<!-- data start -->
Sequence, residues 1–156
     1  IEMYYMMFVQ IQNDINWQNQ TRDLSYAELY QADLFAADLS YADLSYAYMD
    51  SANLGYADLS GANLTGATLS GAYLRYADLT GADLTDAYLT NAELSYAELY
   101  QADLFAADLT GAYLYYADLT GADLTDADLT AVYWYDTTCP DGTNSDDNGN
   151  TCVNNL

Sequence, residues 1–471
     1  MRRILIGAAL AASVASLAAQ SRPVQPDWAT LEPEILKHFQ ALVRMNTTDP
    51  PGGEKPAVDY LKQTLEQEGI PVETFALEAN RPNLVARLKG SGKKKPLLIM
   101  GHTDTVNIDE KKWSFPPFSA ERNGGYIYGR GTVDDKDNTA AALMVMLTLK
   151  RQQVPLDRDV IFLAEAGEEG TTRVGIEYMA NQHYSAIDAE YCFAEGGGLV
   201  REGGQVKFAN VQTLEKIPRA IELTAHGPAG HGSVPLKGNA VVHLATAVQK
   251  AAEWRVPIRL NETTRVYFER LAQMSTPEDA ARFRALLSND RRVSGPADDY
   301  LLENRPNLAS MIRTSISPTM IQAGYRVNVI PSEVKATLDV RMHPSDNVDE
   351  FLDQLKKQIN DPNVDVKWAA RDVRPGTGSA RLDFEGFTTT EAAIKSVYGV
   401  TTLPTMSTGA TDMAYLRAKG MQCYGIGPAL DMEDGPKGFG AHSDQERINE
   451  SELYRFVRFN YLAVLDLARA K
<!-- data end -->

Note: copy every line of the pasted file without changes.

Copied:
Sequence, residues 1–156
     1  IEMYYMMFVQ IQNDINWQNQ TRDLSYAELY QADLFAADLS YADLSYAYMD
    51  SANLGYADLS GANLTGATLS GAYLRYADLT GADLTDAYLT NAELSYAELY
   101  QADLFAADLT GAYLYYADLT GADLTDADLT AVYWYDTTCP DGTNSDDNGN
   151  TCVNNL

Sequence, residues 1–471
     1  MRRILIGAAL AASVASLAAQ SRPVQPDWAT LEPEILKHFQ ALVRMNTTDP
    51  PGGEKPAVDY LKQTLEQEGI PVETFALEAN RPNLVARLKG SGKKKPLLIM
   101  GHTDTVNIDE KKWSFPPFSA ERNGGYIYGR GTVDDKDNTA AALMVMLTLK
   151  RQQVPLDRDV IFLAEAGEEG TTRVGIEYMA NQHYSAIDAE YCFAEGGGLV
   201  REGGQVKFAN VQTLEKIPRA IELTAHGPAG HGSVPLKGNA VVHLATAVQK
   251  AAEWRVPIRL NETTRVYFER LAQMSTPEDA ARFRALLSND RRVSGPADDY
   301  LLENRPNLAS MIRTSISPTM IQAGYRVNVI PSEVKATLDV RMHPSDNVDE
   351  FLDQLKKQIN DPNVDVKWAA RDVRPGTGSA RLDFEGFTTT EAAIKSVYGV
   401  TTLPTMSTGA TDMAYLRAKG MQCYGIGPAL DMEDGPKGFG AHSDQERINE
   451  SELYRFVRFN YLAVLDLARA K